Also addressing the event was Deputy Secretary-General Amina Mohammed, who said that trillions of dollars need to be mobilized a year by tapping into the savings of citizens around the world, official development assistance (ODA), domestic financing and the world’s financial system.
The UN has always been engaged in this financing agenda, with its partners, allies and of course Member States, but “our question is whether we are doing enough, and the answer, in short, is no,” she said, explaining that this event is timely as it highlights progress and opportunities from parts of the UN’s leadership team, key partners such as the World Bank, private sector actors, and Member States.
Achim Steiner, Administrator, UN Development Programme (UNDP), observed that, “the challenge right now is to understand that the SDG’s are in fact something that is not only relevant but an immense opportunity also for financial markets and those who administer and look after our funds”. He also went on to talk about how we would work towards de-risking future investments.
CEO of the World Bank, Kristalina Georgieva, spoke about finding funding for those who need it the most while also stating that International Development Association will be used to leverage even more funding from private sources. She also said, “If we have trillions in the financial system someone has to wake this money up”.
Christiaan Reebergen, Director-General for International Development, from the government of the Netherlands said, “It’s not all about investing in sustainable investments in the Netherlands, it’s about investing 3.5 billion euros annually in the inclusive financial sector in developing countries,” as he spoke about possible ways to turn words into action when trying to tackle the financing gap in relation to the 2030 Agenda.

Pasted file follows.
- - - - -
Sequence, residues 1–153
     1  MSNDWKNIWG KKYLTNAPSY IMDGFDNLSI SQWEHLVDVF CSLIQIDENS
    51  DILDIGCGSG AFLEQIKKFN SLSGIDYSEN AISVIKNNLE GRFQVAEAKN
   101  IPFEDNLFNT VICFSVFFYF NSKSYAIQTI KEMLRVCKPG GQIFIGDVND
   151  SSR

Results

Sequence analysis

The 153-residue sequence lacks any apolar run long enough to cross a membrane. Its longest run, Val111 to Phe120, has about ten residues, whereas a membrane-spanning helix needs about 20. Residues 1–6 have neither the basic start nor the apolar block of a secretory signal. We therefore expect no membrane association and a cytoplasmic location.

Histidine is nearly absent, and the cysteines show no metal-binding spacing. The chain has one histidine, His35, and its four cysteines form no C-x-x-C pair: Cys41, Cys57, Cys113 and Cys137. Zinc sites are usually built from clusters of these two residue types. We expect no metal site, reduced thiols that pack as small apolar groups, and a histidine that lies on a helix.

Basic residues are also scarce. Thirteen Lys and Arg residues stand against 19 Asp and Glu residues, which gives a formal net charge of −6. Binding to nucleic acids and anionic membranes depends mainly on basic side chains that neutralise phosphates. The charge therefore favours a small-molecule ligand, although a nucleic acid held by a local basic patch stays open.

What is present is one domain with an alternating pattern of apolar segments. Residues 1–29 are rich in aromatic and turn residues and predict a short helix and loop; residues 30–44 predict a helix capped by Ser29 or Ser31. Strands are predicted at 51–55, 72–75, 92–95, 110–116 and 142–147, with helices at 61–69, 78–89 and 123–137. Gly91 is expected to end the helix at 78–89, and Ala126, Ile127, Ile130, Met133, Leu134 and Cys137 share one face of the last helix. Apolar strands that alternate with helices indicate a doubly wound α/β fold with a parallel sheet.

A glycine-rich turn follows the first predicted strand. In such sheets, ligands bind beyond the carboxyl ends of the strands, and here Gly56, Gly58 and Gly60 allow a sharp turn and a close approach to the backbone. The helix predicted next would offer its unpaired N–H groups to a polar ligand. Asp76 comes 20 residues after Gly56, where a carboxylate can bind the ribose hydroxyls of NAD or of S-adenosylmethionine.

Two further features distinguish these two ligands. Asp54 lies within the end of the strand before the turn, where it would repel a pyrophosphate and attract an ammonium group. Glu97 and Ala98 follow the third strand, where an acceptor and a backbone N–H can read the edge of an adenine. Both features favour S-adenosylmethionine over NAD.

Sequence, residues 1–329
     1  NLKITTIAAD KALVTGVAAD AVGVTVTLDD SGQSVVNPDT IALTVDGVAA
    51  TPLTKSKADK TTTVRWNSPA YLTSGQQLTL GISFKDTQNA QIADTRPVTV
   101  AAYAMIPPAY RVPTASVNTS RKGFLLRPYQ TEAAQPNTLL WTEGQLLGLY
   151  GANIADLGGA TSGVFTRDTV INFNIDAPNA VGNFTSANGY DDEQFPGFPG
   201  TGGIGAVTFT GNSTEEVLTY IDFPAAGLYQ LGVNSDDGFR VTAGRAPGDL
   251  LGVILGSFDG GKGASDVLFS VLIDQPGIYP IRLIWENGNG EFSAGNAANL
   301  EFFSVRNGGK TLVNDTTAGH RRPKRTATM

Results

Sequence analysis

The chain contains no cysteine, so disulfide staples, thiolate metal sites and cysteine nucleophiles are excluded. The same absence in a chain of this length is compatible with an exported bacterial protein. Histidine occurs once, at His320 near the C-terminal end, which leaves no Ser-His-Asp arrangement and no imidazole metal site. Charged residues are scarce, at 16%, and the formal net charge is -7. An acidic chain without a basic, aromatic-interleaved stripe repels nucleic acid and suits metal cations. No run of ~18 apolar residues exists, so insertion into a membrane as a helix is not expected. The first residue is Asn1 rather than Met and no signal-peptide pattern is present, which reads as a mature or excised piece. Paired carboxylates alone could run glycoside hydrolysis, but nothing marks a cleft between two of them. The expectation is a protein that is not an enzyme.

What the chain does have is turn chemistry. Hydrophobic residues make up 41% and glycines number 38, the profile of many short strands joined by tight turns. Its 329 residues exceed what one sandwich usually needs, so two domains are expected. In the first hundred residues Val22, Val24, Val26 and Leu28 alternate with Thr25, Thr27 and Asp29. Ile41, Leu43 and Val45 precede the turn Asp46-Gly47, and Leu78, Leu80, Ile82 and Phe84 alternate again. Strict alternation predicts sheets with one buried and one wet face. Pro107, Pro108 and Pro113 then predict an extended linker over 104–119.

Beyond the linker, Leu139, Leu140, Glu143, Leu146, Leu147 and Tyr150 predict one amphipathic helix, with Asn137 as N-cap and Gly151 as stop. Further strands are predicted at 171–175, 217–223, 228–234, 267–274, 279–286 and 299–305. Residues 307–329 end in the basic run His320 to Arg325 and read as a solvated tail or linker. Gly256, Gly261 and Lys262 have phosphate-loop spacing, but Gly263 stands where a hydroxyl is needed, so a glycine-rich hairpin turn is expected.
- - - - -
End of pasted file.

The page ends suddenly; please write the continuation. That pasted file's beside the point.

Liu Zhenmin, UN Under-Secretary-General for Economic and Social Affairs added, “we all recognize that public finance is essential to financing public goods at the heart of sustainable development. National tax systems need to be strengthened and international tax cooperation needs to be stepped up.” On private finance, he said he would advocate within the G20 for the 2030 Agenda and work with international financial institutions (IFIs) to strengthen mechanisms for leveraging private finance.
Courtenay Rattray, Permanent Representative of Jamaica to the UN, mentioned the innovative idea of diaspora bonds and debt for climate change swaps while striking a cautionary note that that often development outcomes do not necessarily follow financial inputs.
California Financial Controller Betty Yee noted, “working to make the 2030 Agenda a reality will be hard work, requiring cooperation and financing strategies,” while also going to say that she looks forward to the UN’s leadership on the issue.
Financing is fundamental to the successful implementation of the 2030 Agenda for Sustainable Development and the Paris Agreement on climate change. Progress is being made however far great levels are required to realise the goals.